On July 28, 2022, the Rare Disease Legislative Advocates (RDLA) hosted their monthly webinar for July. As always, these recurring meetings help provide critical updates to the rare disease community on legislation and other political initiatives that are relevant to their needs. Speakers for this webinar program included:
- Heather Ferguson, Lymphedema Advocacy Group
- Dylan Simon, EveryLife Foundation for Rare Diseases
- Brett Meeks, Horizon Government Affairs
- Jamie Sullivan, EveryLife Foundation for Rare Diseases
Heather provided updates about the Lymphedema Treatment Act, a piece of legislation specifically intended to help address the treatment of lymphedema, a rare disease. Lymphedema can require a specific list of prescription supplies in order to be treated effectively. Unfortunately, this has become a nightmare for patients because insurance companies often refuse to pay for them.
Patients can sometimes successfully appeal these decisions, but in many cases they may be stuck with a bankruptcy-inducing medical bill if they want to get the treatment that they need. This law will affect Medicare recipients by requiring coverage of prescription supplies and is intended to set a standard for Medicaid and private insurers to follow. The bill has broad bipartisan support, with the latest iteration passing a vote out of the House Energy and Commerce Committee. A full House floor vote is expected in the near future. Advocates hope that the legislation will move to the Senate side before year’s end.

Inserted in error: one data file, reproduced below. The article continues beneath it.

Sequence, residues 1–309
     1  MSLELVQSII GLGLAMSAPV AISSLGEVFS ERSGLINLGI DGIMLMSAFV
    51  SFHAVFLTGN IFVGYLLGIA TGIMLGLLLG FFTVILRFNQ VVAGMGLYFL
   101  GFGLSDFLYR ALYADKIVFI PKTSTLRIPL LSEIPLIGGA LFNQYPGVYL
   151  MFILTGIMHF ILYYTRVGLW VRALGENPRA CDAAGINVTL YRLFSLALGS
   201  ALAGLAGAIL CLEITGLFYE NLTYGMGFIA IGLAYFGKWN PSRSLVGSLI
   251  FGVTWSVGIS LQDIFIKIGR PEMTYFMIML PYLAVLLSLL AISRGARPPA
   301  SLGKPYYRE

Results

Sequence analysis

Dylan talked about FY2023 appropriations, with six appropriations bills having already been passed in the House. The FDA’s funding is projected to increase by $343 million, including $5 million increase for the Orphan Products Grants Program. This includes a specific priority for ALS.
The National Center for Advancing Translational Science (NCATS) will receive $901 million. This includes $3 million for the CDC Quality Assurance Program and $1 million to fund a study on newborn screening to determine future improvements and needs.
Jamie provided updates about the next iteration of the Prescription Drug User Fee Act (PDUFA), a critical component of drug development regulation. Compared to the situation a few weeks ago, the passage of PDUFA has gotten more bogged down with debate surrounding the formula shortage and the importation of drugs from overseas. Further provisions added by the Senate are likely to slow the full passage of PDUFA.
Additionally, a ‘clean version’ of the PDUFA bill has also been introduced, but this is effectively identical to the old version and would be an extension of the status quo if passed. This would eliminate the opportunity to make improvements.
The Inflation Reduction Act that has been making headlines (and is effectively a scaled down version of the ‘Build Back Better’ bill from a few months ago) also eliminates a previously included proposal to get rid of the Orphan Drug tax credit, which is a valuable incentive for pharma companies to develop rare disease treatments.
Click here to watch a recording of the full length webinar.